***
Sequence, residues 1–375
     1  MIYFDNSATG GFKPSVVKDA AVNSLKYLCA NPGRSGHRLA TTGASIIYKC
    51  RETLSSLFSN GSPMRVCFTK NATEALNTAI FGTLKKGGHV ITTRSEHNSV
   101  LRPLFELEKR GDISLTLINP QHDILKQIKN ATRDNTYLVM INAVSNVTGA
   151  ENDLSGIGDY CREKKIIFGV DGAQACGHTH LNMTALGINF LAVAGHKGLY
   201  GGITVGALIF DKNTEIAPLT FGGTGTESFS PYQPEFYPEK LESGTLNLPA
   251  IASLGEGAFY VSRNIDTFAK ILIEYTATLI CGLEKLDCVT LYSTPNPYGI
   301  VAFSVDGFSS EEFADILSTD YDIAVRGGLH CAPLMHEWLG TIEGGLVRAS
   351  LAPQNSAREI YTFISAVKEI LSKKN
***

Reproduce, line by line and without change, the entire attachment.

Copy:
Sequence, residues 1–375
     1  MIYFDNSATG GFKPSVVKDA AVNSLKYLCA NPGRSGHRLA TTGASIIYKC
    51  RETLSSLFSN GSPMRVCFTK NATEALNTAI FGTLKKGGHV ITTRSEHNSV
   101  LRPLFELEKR GDISLTLINP QHDILKQIKN ATRDNTYLVM INAVSNVTGA
   151  ENDLSGIGDY CREKKIIFGV DGAQACGHTH LNMTALGINF LAVAGHKGLY
   201  GGITVGALIF DKNTEIAPLT FGGTGTESFS PYQPEFYPEK LESGTLNLPA
   251  IASLGEGAFY VSRNIDTFAK ILIEYTATLI CGLEKLDCVT LYSTPNPYGI
   301  VAFSVDGFSS EEFADILSTD YDIAVRGGLH CAPLMHEWLG TIEGGLVRAS
   351  LAPQNSAREI YTFISAVKEI LSKKN